My Lords, the Government recognise the distinct challenges faced by victims of domestic abuse in rural communities. The new violence against women and girls strategy sets out our ambition that by the end of this Parliament every victim of abuse, irrespective of where they live, will be able to secure the support they need.
I thank the Minister. Noble Lords will know that the recent storyline in “The Archers” electrified the nation and put a spotlight on this issue, showing that early intervention and prevention are much better than cure, as with so many of the social issues that we face. Can the Minister help us understand in particular what the Government are doing to help people in rural communities earlier rather than later?
There is no doubt that the problems faced, particularly in rural areas, could be addressed earlier. Indeed, our nationally acclaimed campaign, This is Abuse, has had an impact. We have invested a further £3.8 million in a new campaign, Disrespect NoBody, which we hope will build awareness of these issues.
This is also an issue for police and crime commissioners to address in their respective areas, since through the police budget, for which commissioners are responsible, they can determine the resources, finances, staff and training, and the priority that will be given to and by their police forces to address domestic abuse. The police and crime commissioners can then hold their chief constables to account, and then be held to account themselves, if those resources are not effectively and appropriately used for the purpose for which they, as commissioners, have allocated them. Can the Minister confirm that that statement—of the key and powerful accountable role and responsibility of police and crime commissioners in addressing domestic abuse and violence in their respective areas—is a correct statement of the position?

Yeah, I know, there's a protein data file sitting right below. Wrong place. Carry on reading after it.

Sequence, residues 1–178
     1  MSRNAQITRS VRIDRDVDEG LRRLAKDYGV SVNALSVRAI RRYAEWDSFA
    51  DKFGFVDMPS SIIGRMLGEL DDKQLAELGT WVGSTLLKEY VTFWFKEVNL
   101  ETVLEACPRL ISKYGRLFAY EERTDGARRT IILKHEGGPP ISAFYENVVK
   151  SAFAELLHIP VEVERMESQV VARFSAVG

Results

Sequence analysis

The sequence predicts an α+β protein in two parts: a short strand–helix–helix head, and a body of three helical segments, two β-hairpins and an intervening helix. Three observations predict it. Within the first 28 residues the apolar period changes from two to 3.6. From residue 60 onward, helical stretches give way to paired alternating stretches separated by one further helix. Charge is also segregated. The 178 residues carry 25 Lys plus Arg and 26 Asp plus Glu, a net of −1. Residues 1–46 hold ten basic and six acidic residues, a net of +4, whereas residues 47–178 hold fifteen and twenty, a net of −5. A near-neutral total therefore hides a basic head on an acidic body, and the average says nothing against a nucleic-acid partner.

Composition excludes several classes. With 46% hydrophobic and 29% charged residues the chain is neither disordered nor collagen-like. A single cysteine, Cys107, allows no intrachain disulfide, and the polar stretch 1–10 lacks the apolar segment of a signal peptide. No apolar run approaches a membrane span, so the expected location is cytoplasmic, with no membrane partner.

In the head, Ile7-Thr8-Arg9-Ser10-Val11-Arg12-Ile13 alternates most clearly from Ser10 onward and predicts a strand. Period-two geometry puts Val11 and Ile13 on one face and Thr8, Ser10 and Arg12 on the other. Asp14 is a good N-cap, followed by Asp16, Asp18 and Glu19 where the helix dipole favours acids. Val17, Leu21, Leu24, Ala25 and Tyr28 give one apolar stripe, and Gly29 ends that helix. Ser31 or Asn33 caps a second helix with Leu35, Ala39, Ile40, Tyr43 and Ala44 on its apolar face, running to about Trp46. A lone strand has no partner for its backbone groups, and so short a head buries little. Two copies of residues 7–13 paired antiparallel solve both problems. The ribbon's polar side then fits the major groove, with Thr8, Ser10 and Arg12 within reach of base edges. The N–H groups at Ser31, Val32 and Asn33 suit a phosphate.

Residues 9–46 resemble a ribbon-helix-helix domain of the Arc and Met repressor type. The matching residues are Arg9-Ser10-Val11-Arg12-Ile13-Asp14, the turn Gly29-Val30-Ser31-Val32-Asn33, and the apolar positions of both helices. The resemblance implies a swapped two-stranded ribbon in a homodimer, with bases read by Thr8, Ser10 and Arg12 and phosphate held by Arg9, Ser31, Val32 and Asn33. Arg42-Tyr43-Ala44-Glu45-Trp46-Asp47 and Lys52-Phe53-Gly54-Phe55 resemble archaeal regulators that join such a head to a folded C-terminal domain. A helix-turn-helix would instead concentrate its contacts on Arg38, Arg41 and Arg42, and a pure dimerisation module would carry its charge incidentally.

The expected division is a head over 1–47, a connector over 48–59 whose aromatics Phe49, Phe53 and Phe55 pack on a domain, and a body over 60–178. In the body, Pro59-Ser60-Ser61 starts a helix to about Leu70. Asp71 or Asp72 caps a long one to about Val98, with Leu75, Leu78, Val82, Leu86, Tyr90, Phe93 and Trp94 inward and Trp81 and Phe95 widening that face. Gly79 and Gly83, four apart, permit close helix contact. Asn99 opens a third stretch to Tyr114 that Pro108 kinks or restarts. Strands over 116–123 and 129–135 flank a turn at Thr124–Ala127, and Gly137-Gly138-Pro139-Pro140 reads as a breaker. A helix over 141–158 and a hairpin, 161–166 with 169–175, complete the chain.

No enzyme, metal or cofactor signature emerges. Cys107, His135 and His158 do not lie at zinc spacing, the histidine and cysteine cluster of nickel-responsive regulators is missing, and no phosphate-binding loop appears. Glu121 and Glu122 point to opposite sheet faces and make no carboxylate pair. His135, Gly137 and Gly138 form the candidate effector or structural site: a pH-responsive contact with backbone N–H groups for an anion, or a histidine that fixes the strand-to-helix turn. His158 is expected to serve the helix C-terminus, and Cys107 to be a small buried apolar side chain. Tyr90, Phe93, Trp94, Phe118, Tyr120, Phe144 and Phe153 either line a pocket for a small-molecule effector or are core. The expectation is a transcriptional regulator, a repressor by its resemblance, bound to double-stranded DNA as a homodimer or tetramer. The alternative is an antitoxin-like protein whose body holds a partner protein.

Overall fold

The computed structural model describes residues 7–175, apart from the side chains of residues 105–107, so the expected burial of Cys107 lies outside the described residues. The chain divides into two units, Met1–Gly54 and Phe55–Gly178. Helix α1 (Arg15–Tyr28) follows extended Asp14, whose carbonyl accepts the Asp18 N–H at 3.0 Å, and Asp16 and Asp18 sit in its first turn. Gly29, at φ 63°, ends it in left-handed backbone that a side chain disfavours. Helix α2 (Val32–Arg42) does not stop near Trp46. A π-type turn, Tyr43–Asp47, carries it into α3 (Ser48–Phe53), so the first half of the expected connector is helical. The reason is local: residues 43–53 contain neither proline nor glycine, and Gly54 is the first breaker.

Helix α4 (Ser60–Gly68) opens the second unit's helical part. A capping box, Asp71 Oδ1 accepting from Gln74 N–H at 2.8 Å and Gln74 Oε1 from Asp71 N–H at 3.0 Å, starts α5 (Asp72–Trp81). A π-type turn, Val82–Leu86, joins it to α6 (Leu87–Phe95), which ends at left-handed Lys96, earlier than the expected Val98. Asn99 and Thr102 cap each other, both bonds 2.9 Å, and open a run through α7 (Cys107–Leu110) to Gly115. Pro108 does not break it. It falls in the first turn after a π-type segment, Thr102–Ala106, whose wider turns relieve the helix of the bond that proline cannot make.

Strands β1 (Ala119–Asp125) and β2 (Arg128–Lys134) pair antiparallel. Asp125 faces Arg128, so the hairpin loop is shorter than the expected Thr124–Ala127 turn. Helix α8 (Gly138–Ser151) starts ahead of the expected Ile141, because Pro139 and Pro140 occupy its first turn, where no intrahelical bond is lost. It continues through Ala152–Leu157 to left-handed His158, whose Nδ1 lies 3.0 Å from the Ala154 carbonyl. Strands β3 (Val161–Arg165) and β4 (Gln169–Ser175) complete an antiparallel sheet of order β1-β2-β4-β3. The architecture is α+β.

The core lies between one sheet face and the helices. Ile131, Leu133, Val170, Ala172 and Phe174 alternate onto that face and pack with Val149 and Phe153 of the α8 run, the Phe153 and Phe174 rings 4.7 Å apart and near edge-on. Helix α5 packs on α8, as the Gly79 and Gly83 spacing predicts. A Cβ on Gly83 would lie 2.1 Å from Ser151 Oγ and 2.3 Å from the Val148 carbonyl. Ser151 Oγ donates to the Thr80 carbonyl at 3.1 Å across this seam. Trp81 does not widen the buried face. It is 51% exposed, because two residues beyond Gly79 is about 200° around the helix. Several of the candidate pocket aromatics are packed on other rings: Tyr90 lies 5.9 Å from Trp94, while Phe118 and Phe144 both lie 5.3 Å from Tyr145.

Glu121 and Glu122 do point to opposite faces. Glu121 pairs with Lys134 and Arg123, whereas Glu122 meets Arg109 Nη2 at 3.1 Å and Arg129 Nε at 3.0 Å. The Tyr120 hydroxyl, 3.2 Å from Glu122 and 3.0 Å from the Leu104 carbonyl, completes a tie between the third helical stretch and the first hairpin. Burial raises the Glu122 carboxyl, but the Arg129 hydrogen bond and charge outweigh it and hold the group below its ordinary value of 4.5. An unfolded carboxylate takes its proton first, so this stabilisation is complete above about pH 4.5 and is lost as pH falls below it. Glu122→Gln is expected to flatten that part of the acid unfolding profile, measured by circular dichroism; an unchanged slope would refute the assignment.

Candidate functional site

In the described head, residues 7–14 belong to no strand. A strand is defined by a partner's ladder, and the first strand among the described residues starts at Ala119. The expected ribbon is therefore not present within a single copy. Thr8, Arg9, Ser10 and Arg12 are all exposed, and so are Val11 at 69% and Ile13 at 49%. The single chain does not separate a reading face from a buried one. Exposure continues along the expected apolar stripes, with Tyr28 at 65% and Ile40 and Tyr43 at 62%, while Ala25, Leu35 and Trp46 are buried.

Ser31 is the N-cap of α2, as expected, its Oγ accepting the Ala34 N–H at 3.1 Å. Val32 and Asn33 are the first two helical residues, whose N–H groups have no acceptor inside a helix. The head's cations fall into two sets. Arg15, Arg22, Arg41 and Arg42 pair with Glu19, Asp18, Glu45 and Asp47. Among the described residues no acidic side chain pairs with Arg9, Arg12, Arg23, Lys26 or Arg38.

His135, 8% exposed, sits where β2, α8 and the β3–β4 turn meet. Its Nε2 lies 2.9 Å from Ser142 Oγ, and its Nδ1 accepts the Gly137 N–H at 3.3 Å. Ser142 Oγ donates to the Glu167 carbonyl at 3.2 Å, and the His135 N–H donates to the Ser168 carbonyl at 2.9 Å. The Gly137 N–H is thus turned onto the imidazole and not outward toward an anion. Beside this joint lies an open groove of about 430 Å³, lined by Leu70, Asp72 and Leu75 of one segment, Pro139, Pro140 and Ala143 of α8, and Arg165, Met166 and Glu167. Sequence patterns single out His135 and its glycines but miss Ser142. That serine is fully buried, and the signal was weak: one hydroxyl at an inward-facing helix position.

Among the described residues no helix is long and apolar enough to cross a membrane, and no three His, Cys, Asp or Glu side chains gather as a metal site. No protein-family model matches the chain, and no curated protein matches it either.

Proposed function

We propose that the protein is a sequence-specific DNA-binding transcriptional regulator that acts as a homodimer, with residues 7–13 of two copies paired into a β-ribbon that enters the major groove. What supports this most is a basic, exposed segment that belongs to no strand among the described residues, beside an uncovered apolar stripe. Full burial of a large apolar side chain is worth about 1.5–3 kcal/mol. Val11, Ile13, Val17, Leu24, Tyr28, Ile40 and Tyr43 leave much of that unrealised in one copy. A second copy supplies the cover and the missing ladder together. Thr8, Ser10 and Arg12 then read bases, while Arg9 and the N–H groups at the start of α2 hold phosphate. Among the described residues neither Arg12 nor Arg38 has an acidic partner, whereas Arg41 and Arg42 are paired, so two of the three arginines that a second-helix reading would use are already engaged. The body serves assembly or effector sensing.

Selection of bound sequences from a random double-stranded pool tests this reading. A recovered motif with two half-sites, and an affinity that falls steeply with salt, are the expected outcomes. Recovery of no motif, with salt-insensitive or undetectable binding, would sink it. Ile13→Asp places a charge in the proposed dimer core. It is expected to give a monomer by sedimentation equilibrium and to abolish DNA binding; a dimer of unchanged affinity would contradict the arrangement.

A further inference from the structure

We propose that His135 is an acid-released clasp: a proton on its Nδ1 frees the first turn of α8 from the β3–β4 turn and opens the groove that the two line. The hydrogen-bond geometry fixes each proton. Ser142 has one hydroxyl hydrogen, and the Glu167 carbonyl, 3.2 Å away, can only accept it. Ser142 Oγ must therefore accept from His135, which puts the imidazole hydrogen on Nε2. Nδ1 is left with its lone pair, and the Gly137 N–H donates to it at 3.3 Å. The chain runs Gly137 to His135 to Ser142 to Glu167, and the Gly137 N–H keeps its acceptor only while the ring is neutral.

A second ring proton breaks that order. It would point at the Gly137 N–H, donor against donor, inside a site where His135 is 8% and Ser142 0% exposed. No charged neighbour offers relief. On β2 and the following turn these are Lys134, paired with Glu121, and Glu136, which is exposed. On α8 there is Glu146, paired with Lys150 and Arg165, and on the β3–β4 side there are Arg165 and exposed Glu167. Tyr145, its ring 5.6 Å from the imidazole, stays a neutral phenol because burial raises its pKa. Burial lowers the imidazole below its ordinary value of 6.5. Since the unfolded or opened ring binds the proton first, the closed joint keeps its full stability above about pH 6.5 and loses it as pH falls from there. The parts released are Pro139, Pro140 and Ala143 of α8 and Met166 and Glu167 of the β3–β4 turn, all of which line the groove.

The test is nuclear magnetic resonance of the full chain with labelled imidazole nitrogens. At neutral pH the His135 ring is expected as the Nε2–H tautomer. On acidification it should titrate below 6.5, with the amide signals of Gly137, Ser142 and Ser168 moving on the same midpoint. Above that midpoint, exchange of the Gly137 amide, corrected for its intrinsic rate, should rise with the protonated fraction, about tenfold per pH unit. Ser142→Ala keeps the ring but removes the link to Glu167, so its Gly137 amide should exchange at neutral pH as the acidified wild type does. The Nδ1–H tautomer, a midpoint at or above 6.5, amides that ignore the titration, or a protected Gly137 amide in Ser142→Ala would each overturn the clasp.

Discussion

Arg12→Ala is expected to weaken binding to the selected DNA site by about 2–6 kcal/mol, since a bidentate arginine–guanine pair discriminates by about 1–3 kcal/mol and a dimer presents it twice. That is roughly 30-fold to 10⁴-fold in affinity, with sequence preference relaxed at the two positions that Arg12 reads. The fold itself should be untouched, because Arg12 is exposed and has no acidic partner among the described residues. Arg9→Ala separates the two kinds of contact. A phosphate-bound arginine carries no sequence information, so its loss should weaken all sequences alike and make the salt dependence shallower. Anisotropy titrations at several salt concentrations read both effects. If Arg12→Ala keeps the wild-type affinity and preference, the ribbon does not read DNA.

The position of the Government is that police and crime commissioners will take a leading role in co-ordinating the response to issues of domestic abuse. Indeed, this will be done in parallel to the national statement of expectations, which is a blueprint for local areas and local partnerships, at the head of which will be our successful commissioners.
My Lords, is the Minister aware of the family relationship centres in Australia? These are local hubs co-ordinating family and relationship services; providing integrated, wraparound family and relationship support. Will the Government look at this initiative as a better way of providing a triage service for identifying needs and making referrals to wider services, particularly in rural areas where such services are unlikely to be easily accessible locally?
My Lords, in his Answer, the Minister mentioned violence. Assiduous followers of “The Archers”, as I confess I am, will know that it escalated into violence only at the very end of the storyline—actually, I do not think we have seen the end yet, by a long way. The issue is coercive control, which by its very nature is subtle and very difficult to identify. Could the Minister expand on his Answer in relation to that?